Travel Guide: City Island
City Island, the Seaport of the Bronx, is what you would get if you crossed a New England seaside village with the Bronx. There are city busses, a post office, a branch of the New York Public Library and city trash cans on the sidewalks. But there are also rambling Shingle-style mansions, boat and fishing supply stores and more seafood restaurants per mile than probably anywhere else within New York City limits. The population is under 5,000 and it's a strange place to visit in the summer when everything is (mostly) open—in the off-season it feels downright post-apocalyptic.
City Island is fully accessible by public transit—depending on where you're coming from, it might take a while but trust me it's worth it! Take the 6 train all the way to the end of the line, to the Pelham Bay Park stop in the Bronx. Catch the Bx29 bus right outside of the train station, and that will take you to City Island in just a few minutes. You can get off at the northern end, just over the bridge (a newer, less charming bridge opened in 2017), or ride the bus all the way to the southern end and walk back. The island is only 1.5 miles long and half a mile wide, but you can take the Bx29 while you're on the island too (or use a car service).
WHAT TO DO:
The City Island Nautical Museum is open every Saturday and Sunday from 1-5pm and admission is only $5. Stop here first and learn about the island's rich nautical history from boat races to sail making. When I first visited back in 2014, three out of the four people working there were named Barbara.
Pelham Cemetery is on the eastern shore of the island and it was established in the 1880s. There are older gravestones within its grounds, including well-known Pelham families, early settlers, and veterans of every war since the Civil War. There are a few entrances to the cemetery—including the main one with its beautiful archway—that are always locked, but keep looking until you find the one that is open (I didn't know this the first time I visited, but I figured it out on my second City Island trip).
A recently new addition to City Island, the people that bring tiny treasures to the Brooklyn Flea under the name dAN's Parents House opened a brick-and-mortar store in a crumbling, 150-year-old house on City Island Avenue (seen above before the restoration). I could have spent hours combing through their rooms filled with nostalgia, especially the drawers filled with vintage McDonald's toys and other intriguing little things.
Unfortunately this antique shop was closed on our most recent visit—a sign was posted that they had just stepped out for coffee but there was no indication that they planned on returning anytime soon. I've only been lucky enough to catch this store open once in the several times I've visited City Island, but what I saw made an impression—especially the 6-foot-tall, sombrero-wearing hot dog statue (which is still there if anyone wants to get me an early birthday present).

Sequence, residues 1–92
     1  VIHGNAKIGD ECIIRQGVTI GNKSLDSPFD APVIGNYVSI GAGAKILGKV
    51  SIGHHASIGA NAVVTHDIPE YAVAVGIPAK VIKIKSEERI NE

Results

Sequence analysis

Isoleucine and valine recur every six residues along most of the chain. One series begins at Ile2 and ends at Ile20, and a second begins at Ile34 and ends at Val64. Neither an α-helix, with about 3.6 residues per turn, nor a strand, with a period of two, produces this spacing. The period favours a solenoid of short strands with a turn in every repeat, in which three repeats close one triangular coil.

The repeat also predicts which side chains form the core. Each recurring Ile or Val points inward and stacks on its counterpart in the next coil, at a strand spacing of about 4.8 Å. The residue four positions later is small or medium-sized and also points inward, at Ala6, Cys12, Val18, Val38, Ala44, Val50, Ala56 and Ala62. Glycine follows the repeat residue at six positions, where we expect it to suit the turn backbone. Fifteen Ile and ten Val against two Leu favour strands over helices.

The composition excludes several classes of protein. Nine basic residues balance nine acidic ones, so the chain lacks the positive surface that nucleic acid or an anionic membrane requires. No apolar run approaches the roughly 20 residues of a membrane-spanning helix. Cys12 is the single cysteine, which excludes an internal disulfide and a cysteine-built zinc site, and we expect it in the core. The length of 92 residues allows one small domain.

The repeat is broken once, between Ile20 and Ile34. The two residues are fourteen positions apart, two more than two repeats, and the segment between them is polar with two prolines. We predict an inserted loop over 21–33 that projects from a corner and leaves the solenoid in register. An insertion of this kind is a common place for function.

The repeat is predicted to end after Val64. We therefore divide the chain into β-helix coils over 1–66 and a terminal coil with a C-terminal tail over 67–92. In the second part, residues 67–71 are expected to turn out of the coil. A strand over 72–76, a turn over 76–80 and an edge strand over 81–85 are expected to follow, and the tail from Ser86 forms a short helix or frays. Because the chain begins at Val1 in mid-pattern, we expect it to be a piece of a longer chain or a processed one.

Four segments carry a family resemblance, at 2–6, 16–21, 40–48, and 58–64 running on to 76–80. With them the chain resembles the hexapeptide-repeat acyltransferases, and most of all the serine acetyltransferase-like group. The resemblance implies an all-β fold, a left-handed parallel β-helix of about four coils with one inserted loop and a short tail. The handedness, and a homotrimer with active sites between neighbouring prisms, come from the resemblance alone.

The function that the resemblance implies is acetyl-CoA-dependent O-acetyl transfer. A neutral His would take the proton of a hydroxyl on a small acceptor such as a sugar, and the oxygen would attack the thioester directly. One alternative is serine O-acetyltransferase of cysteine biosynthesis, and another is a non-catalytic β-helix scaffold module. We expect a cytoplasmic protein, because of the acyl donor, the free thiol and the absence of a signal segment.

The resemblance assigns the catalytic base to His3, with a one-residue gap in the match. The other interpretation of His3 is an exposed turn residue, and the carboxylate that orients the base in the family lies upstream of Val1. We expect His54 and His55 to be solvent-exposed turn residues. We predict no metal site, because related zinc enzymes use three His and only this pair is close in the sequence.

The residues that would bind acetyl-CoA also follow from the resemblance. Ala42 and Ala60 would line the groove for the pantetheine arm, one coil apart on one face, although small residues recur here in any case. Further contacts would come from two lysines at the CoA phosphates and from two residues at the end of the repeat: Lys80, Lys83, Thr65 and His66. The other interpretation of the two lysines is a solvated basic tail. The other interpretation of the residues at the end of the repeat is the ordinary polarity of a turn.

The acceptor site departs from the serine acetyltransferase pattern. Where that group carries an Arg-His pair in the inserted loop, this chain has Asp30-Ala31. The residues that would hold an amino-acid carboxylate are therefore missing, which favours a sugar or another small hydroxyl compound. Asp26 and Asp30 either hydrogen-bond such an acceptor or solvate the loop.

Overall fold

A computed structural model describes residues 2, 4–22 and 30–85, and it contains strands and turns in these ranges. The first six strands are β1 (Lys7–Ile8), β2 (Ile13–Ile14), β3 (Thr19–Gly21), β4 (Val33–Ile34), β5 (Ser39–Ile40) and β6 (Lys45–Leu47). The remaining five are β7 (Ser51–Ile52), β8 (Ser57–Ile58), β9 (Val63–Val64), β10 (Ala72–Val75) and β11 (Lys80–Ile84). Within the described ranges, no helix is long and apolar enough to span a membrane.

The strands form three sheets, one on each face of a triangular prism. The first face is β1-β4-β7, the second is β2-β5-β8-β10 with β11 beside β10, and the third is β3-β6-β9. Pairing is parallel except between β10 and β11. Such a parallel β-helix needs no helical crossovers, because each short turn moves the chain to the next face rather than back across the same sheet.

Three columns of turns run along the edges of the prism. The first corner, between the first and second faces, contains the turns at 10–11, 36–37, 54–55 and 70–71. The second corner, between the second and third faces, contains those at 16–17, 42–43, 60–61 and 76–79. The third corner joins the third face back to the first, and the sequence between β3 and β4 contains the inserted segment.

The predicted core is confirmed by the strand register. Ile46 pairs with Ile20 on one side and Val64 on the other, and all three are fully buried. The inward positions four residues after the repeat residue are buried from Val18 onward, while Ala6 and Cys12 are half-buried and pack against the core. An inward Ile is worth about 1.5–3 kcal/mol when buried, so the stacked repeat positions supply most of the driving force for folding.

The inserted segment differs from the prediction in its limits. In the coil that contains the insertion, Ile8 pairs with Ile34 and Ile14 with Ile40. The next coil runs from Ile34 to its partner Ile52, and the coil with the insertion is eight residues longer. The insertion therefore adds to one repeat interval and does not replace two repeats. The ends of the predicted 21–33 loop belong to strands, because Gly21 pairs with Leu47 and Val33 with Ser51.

I'm not a rabid Wes Anderson fan, but I never pass up the opportunity to visit a famous New York filming location. This 1896 Shingle-style, sea captain's dream house is located on 21 Tier Street, and doubled as the Tenenbaums' summer home on Eagle's Island.
While not technically located on City Island, the Bartow-Pell Mansion is a good place to start your day in the Bronx before you head to the nearby island. Finished in 1842, the Bartow-Pell Mansion is a Greek Revival house is now part of Pelham Bay Park. The house opened as a museum in 1946 and guided or self-guided tours are offered Wednesday, Saturday and Sunday from 12 noon until 4pm for $8. There's even a small family cemetery located on the property, although it was damaged in March when a tree fell on it during a storm.
WHAT TO EAT:
I've never been to City Island early enough for breakfast, but I've kicked off several visits with meals at the City Island Diner. This classic diner, popular with locals, is also where Jerry Seinfeld took Ricky Gervais on an episode of Comedians in Cars Getting Coffee.
I don't eat seafood and a place where the ordering procedure is unclear is my personal hell, but I still can't help but love Johnny's Reef, located at the southern tip of City Island. They've been serving gut-busting baskets of fried everything (shrimp, onion rings, mozzarella sticks, clams, etc.) for 70 years—and I bet the seagulls have been swarming around their outdoor patio in quantities straight out of The Birds for just about as long.
If it's oppressively hot, like it often is when I visit City Island, Lickety Split is a great place to cool down with a generous scoop of ice cream and/or an iced coffee. They also have a (very small) restroom, which is never something I take for granted on all-day adventures.
While I can't vouch for any of these personally—and I'm also the worst person to ask about seafood restaurants—City Island's main industry now is undoubtedly food. There are several to choose from along City Island Avenue and there's stiff competition if you choose a restaurant like I do, by its signage.
See all of my individual posts on City Island here.